CHICAGO - Hundreds of women ending their shift as housekeepers at hotels along this city's "Magic Mile" didn't board trains and buses to go directly home to their families last night. Instead, they braved a raw, cold wind coming off Lake Michigan and marched on the Hyatt hotel here, demanding that the Chicago-based mega-chain rehire housekeepers it fired recently in Boston.
The women, members of Unite Here Local 1, rallied and marched in front of the Park Hyatt, stretching a 150-foot "hope quilt." They called on Hyatt to "bring back the Hyatt 100," housekeepers the chain replaced with cheaper labor in Boston, and demanding that Hyatt end what they called its "abuse" of housekeepers throughout North America.
The action followed one last month in which some 300 workers were arrested sitting in the streets outside the hotel, also protesting the Boston firings. Yesterday's protest was part of a second wave of coordinated demonstrations by thousands of workers in at least 12 cities across the United States and Canada in support of the Boston housekeepers.
Hyatt fired the 100 housekeepers from its three Boston hotels after ordering the workers to train "vacation backups" from an outsourcing agency.
The firings have triggered outrage across the country, forcing the chain to go on a defensive public relations campaign just as it tries to sell stock in the financial markets. The company became a publicly traded corporation on Nov. 5.
Among those condemning the hotel chain for its actions last night was Illinois state Senate Assistant Majority Leader Iris Martinez, who told the workers, "These people do the hardest work. It is dignified work. Your struggle is hard but we are with you all the way. We will prevail. Hyatt will not get away with this."
Local union leaders, a Catholic priest, Protestant ministers and Jewish community and labor leaders also spoke at the rally.
"What the Hyatt did to those housekeepers in Boston is unthinkable, and we're here to say to the Hyatt that enough is enough," said Claudette Evans, a housekeeper at the Hyatt Regency Chicago. Her mother is also a housekeeper at the hotel. "I'm standing up for those ladies, myself and my mother, because our health and our jobs depend on it," she said.
"Housekeeping is hard work that gets harder every year at the Hyatt," said Francine Jones, who has worked at the Hyatt Regency Chicago for 16 years. "I had carpal tunnel syndrome in both hands, which required weeks of physical therapy and surgery. I live with chronic pain in my back and knees from all the heavy lifting and bending I do to change beds, scrub floors and toilets, and push heavy furniture around to vacuum."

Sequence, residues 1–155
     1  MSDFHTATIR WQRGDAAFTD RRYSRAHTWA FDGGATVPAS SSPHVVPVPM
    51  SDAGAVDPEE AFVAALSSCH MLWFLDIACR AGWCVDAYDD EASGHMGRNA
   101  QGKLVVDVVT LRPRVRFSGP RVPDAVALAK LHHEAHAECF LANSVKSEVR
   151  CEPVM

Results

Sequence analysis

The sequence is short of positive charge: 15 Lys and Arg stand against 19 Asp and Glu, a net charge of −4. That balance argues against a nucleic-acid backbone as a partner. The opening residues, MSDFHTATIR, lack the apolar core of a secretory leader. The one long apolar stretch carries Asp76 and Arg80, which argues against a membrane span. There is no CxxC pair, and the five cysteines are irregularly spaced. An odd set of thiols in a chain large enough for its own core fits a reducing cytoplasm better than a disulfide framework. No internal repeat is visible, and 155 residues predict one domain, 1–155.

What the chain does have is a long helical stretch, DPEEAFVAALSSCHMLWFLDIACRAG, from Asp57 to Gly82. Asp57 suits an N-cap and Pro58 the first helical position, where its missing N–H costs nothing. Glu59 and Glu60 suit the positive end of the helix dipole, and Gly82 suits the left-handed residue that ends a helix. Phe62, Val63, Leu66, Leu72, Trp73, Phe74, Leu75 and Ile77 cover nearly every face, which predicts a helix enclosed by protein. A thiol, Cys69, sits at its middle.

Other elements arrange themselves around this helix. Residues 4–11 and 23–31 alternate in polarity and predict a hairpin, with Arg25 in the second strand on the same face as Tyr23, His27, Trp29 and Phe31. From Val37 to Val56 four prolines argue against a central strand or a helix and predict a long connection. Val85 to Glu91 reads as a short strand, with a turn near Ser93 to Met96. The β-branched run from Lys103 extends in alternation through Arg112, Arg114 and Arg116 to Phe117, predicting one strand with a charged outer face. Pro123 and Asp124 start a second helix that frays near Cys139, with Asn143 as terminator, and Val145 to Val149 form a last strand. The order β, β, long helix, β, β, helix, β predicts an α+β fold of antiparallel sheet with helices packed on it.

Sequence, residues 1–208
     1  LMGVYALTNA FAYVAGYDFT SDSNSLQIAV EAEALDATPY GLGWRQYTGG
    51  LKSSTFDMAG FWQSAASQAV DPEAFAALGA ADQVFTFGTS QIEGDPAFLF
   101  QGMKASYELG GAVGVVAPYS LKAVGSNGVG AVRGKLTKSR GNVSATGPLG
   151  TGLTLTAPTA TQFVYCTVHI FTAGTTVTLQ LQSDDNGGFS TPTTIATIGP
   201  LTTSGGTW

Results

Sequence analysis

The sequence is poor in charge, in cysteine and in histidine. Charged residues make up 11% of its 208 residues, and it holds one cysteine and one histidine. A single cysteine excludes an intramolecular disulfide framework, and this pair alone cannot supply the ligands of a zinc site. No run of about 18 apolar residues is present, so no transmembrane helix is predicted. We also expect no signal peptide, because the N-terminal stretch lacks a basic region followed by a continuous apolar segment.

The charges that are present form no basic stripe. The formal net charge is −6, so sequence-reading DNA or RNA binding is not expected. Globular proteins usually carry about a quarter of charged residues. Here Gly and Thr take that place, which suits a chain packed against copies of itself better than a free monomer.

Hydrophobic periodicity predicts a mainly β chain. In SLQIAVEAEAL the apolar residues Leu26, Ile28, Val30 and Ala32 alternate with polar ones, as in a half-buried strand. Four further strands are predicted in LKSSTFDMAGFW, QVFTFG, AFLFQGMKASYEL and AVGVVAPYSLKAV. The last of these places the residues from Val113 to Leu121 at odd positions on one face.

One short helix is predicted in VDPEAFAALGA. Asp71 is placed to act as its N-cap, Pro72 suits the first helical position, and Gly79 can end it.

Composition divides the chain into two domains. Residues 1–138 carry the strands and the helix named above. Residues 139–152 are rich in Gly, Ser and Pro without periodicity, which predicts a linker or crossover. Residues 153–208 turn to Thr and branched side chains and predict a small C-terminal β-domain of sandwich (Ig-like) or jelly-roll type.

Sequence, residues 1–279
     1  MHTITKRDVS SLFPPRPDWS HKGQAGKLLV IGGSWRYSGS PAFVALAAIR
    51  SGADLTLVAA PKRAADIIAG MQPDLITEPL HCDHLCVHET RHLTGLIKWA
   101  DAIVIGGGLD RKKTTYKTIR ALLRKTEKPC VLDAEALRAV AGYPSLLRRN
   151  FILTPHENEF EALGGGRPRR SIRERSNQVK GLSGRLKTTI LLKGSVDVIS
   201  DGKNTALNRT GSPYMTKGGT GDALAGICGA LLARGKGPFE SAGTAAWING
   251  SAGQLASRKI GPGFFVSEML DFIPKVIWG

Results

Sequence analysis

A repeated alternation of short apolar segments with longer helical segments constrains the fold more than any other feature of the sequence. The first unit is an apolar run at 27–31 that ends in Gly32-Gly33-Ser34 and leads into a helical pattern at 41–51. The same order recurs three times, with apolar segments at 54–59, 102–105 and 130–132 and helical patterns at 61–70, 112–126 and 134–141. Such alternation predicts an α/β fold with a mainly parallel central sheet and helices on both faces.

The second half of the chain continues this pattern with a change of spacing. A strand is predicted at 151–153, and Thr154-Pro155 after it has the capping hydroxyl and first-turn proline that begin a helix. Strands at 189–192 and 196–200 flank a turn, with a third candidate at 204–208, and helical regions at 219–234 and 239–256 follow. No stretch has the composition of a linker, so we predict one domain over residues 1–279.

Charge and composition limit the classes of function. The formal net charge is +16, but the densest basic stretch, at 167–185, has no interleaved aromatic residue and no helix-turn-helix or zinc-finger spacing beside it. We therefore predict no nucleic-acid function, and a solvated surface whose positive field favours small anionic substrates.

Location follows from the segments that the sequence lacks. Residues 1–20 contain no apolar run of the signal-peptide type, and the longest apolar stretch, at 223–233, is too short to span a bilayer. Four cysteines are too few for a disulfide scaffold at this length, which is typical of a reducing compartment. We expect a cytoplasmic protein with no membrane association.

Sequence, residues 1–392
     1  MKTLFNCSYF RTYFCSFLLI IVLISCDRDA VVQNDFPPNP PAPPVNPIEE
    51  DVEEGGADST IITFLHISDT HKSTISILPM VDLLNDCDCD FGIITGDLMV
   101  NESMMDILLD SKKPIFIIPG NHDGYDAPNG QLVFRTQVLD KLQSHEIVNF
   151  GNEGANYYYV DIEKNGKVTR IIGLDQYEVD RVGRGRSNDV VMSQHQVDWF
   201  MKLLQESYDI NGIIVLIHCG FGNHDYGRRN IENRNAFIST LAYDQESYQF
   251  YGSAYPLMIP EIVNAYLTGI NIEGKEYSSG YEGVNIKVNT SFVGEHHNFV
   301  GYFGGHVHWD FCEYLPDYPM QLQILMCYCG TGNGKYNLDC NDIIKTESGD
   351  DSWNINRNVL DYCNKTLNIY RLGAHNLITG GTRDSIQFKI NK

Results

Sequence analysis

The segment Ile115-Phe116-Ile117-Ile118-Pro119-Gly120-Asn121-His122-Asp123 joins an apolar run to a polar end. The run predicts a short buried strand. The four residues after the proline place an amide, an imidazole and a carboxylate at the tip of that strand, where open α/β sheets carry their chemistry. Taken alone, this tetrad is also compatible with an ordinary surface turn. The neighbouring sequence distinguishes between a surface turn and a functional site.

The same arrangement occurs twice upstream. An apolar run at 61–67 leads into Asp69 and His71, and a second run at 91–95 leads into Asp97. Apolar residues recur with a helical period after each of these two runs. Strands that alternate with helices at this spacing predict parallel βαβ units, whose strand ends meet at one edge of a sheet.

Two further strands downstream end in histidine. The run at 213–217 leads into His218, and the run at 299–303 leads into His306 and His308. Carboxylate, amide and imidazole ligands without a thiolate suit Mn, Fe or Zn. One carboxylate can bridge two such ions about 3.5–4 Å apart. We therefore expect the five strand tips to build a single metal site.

As she spoke, many in the crowd held up the "hope quilt" made by housekeepers from across the continent. The quilt, which is being brought to all the demonstrations at Hyatt hotels, stitches together the stories of Hyatt housekeepers and the pain they suffer daily in the struggle to provide for their families. Each of the thousands of patches on the quilt symbolizes a story of pain or injury associated with the job.
Luz Aquino, one of the fired Boston housekeepers, addressed the rally. "We were making $12 to $14 and hour and it was tough to get 19 rooms cleaned in a seven-and-a-half hour shift," she said. "They cut the pay for the replacement workers to $8 an hour and make them clean 28 rooms in a day. If they can't finish on time they have to stay until they finish all their rooms, without overtime pay. Some of them work 14 hours to finish but only get paid for seven-and-a-half."
Anne-Marie Staessel, communications director for Local 1, said Hyatt is using the economy as an excuse to dramatically lower the living standards of hotel workers all over the country. She said the company is eliminating jobs, proposing health care cuts and getting a smaller pool of workers to work harder and faster.
In Chicago, the Hyatt laid off a fifth of its staff between November 2008 and March 2009, while scheduling almost half of its workers to work overtime between December 2008 and April 2009.
The hotel has drawn the anger of Massachusetts Gov. Deval Patrick, who has called on his state agencies to boycott the Boston hotels if the fired workers are not restored to their jobs.
Hyatt made over $1.3 billion in profits from 2004 to 2008 and, as of late September, had $1.3 billion in cash in the bank.